- The exploration story for Kurdistan is now largely understood. The play has been de-risked by recent drilling. The availability of oilfield services and drilling equipment has improved in the last few years.
- Despite recent activity, acquisition costs remain low on per barrel basis. Vallares' acquisition has valued Genel's 2P resource base at $6/bbl, and significantly lower if recent resource revisions are taken in account. Afren's recent acquisition was completed at US$2/ barrel.
- A large number of licences are still held by small (often private) companies that have limited access to capital sufficient to fulfill exploration commitments.
"We believe some smaller players could be willing to reduce their stakes in exchange for financial and technical capacity to appropriately assess acreage prospectivity," notes Citibank.
- A bilateral agreement between the KRG and the central government will likely serve a catalyst for majors to enter the region. The large-caps have so far been precluded from entering Kurdistan, and focused on developing supergiant fields in Southern Iraq.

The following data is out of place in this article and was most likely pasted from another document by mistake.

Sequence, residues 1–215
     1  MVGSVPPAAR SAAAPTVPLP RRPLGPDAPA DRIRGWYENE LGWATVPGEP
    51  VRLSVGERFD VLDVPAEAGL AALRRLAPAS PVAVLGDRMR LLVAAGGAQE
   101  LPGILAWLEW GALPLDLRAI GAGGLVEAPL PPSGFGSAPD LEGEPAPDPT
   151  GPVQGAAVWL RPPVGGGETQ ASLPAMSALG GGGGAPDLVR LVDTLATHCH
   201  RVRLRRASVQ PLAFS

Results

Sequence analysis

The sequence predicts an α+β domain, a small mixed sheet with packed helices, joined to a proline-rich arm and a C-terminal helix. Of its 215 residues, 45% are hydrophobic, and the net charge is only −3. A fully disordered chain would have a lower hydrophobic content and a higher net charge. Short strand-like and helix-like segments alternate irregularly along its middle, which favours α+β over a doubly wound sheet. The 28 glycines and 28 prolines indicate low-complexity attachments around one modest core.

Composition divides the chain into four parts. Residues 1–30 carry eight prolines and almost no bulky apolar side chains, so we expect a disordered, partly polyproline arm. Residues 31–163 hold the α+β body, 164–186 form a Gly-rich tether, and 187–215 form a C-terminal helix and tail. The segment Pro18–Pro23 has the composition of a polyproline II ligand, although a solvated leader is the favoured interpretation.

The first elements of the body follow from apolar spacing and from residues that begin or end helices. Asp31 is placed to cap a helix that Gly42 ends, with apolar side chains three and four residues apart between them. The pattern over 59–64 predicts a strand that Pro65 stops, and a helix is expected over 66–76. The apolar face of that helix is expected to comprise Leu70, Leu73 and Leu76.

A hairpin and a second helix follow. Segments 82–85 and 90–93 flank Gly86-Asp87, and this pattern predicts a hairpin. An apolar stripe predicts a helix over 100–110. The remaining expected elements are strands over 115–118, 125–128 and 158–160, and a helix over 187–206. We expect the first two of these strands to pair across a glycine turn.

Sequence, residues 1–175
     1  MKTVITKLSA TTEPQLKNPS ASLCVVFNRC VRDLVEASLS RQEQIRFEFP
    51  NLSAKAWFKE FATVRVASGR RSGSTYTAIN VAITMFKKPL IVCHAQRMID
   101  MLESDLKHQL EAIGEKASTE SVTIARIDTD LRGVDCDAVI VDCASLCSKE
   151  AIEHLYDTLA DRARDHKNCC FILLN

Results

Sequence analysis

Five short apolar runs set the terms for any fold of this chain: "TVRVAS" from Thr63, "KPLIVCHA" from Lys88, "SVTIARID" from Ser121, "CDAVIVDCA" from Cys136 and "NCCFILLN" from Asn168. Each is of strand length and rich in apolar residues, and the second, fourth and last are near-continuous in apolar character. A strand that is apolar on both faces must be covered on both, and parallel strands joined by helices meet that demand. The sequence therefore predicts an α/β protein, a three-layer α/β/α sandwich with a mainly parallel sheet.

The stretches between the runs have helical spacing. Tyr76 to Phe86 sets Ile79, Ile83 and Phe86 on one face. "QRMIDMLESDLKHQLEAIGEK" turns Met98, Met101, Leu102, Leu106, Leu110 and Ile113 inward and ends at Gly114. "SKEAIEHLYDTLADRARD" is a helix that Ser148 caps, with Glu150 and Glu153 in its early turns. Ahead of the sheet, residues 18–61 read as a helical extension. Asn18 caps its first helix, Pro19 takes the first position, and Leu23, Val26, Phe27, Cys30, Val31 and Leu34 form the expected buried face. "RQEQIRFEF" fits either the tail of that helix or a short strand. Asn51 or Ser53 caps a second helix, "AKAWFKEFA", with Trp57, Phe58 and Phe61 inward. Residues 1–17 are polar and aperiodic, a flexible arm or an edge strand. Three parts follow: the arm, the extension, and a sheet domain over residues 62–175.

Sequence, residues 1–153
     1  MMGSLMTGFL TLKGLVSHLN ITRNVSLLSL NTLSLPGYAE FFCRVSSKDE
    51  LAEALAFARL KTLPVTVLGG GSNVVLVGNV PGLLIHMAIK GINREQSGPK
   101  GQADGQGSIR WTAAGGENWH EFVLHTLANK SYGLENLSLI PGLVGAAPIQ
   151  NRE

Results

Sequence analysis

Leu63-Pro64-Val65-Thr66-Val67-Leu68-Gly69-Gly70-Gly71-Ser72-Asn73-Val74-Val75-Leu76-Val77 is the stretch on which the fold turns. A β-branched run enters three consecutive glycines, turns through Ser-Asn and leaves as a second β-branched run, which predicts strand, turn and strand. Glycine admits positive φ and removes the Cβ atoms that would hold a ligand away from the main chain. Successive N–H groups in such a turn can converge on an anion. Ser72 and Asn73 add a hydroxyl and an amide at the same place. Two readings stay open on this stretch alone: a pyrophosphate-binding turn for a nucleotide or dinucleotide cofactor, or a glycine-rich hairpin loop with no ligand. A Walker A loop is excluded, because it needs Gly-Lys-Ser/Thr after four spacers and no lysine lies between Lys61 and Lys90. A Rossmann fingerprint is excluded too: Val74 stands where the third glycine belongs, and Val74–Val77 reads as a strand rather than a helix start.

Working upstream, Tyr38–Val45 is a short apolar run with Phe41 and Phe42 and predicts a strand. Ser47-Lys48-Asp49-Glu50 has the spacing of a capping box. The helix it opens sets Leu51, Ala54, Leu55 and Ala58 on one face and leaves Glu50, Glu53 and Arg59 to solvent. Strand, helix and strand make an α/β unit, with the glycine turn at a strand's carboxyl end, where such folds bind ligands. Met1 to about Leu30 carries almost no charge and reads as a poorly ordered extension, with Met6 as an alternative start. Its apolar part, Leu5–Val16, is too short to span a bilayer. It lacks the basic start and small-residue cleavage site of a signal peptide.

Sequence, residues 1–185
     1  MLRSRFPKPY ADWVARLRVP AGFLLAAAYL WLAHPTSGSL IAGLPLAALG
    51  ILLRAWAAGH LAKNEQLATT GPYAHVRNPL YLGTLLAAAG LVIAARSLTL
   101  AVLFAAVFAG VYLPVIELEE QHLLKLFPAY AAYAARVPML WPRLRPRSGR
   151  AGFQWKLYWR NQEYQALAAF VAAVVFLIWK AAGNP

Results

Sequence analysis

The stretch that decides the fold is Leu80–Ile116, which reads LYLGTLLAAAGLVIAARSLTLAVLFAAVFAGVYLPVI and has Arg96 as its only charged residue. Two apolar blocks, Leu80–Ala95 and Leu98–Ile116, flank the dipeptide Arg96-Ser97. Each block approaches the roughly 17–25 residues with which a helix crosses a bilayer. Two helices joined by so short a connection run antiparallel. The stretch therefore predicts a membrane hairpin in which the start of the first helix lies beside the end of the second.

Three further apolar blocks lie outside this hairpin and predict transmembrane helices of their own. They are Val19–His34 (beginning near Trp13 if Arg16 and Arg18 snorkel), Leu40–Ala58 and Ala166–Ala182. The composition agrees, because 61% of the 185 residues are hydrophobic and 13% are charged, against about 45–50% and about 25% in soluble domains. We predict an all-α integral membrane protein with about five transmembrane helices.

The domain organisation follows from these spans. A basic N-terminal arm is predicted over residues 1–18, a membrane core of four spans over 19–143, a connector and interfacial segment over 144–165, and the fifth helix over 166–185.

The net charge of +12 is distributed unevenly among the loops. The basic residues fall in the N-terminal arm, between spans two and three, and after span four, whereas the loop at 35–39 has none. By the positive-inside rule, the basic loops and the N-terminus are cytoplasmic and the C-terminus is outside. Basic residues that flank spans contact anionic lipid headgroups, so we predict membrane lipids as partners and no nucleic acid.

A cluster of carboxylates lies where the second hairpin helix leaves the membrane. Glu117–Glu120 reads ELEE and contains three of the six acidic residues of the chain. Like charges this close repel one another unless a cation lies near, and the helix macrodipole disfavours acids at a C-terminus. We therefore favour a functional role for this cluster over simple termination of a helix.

Citibank see a final wave of consolidation, when these restrictions are lifted. "We believe large resource holders will be the focus of M&A activity by the majors (vs exploration acreage), unlocking value for small- and mid-cap players."
The arrival of Exxon Mobil and possibly Total has raised the stakes in Kurdistan and opened it up to fresh investment opportunities and also forced Baghdad's hand in finalising the oil law that has been pending for years.
In many ways it is a good development and the central government should seize it. The government could choose this moment to move forward with the oil and gas law and even make its own contracts more attractive to Big Oil.
That would usher in development not only in Kurdistan but wider Iraq as well.
Also Read: Kurdistan's riches